When she was all done cleaning she got me and then I helped her put away the proom and things.  And then she took me to the kitchen and got me the noisy things and so that’s what I’m playing with now.  If you throw them on the floor they make even more noise!  And you can also hit them together too.

One of them is really big and hard to pick up but maybe if I push it into the couch… no that doesn’t work.  I’ll try again.  Nope.  But I just saw Mommy again so I’m going to go get her.  She loves it when I climb up her leg.  ;)

Sincerely,

Me

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O Lord, our Lord,
How excellent is Your name in all the earth,
Who have set Your glory above the heavens!

Out of the mouth of babes and nursing infants
You have ordained strength,
Because of Your enemies,
That You may silence the enemy and the avenger.

When I consider Your heavens, the work of Your fingers,
The moon and the stars, which You have ordained,
What is man that You are mindful of him,
And the son of man that You visit him?
For You have made him a little lower than the angels,
And You have crowned him with glory and honor.

You have made him to have dominion over the works of Your hands;
You have put all things under his feet,
All sheep and oxen—
Even the beasts of the field,
The birds of the air,
And the fish of the sea
That pass through the paths of the seas.

O Lord, our Lord,
How excellent is Your name in all the earth!

Psalm 8

Have a great weekend!

Dear Diary

I was going to write yesterday but Mommy and Daddy said I had to go to bed.  And then I was going to write this morning and then I got hurt.  I was running around Grammie’s house with Mommy and then her hands and my hands slipped and I fell on my face.  It really hurt and I couldn’t breathe for a time, and it was scary.

Mommy picked me up and held me and hugged me and it just hurt so bad.  My chin especially, which Mommy said I got it scuffed and it was bleeding a little.  I’m not really sure what that means…

But Mommy fed me and laid me down and it feels better.  And I wanted to tell you other things too, not really how I got hurt!  You see, Mommy got me these new cups to drink out of and I LOVE THEM.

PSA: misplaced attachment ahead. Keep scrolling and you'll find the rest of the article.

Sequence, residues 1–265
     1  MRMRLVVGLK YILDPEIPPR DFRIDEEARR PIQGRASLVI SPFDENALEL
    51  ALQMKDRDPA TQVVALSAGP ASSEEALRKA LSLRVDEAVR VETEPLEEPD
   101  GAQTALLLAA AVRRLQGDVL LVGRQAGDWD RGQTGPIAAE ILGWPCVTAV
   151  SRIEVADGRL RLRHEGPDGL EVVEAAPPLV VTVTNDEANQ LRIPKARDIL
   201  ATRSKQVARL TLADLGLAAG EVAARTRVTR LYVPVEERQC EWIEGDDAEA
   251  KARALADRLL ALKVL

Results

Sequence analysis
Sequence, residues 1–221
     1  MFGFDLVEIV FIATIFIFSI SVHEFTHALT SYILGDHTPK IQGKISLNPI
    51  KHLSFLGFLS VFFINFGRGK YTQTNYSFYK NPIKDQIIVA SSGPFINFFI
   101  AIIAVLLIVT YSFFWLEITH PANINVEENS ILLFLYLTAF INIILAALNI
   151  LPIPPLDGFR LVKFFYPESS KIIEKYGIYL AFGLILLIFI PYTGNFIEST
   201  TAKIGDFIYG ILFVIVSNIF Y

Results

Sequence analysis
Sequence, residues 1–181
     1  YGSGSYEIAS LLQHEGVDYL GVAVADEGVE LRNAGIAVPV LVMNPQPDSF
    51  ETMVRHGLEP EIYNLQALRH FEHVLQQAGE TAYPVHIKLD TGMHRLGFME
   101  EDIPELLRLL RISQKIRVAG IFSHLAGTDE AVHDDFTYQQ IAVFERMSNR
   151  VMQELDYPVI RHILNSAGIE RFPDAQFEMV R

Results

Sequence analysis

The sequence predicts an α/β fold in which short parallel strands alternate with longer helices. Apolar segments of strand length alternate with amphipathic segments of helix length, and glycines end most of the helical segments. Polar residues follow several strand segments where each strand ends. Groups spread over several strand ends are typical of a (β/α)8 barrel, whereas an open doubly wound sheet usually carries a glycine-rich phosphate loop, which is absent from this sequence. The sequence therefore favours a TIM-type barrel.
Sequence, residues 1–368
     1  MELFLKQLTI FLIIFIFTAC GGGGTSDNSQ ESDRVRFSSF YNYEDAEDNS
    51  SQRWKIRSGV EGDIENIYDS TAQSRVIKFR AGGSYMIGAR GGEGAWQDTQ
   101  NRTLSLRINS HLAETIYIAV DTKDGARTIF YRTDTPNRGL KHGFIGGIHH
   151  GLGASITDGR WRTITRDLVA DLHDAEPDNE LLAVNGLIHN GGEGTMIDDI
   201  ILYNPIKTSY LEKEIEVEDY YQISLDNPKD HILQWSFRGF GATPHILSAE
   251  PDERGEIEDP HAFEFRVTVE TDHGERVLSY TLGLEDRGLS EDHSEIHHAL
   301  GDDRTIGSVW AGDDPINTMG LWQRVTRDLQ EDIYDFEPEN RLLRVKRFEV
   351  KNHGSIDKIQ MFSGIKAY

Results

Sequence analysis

They have a thing at the top that I put my mouth on and go “sllllluuuuuurp” and the water comes out!  I don’t even have to tip them back and tip my head back like my other cups.  Oh, and they are really fun to throw on the floor.  They go all over the place.

I told Mommy we need some pictures of me with my cup so I can share them with you.  Then you can see how happy I am and how great the cups are.

See?  They’re great.  And you can see the thing on the top of them — I love to pull it and then it flings water everywhere.  If you don’t have one you should probably ask Mommy and she can get you one.  She gets all the things.

Well, now I want my cup again and I want to play.  I think I’m going to try to climb some things too because Grammie and Grandpa have a lot of things to climb.  :)

Sincerely,

Me

To Love – Part 2

Happy Monday!  Hope you had a great weekend.  I wanted to share some more thoughts in regard to my last post, in case you haven’t peeked at the comments or come to any other conclusions yourself.

A friend commented,

When you give with only the thought of pleasing the Lord … it feels very okay to give. When the expectation is for someone to respond appropriately … it gets so hurtful. I try to look up to Heaven and say, “Did I please YOU just now?” … because sometimes there is no way to “please” a difficult person. But if my goal is to act in a way that makes God happy with me … then I “succeed” even if the other person doesn’t respond even remotely the way I would wish.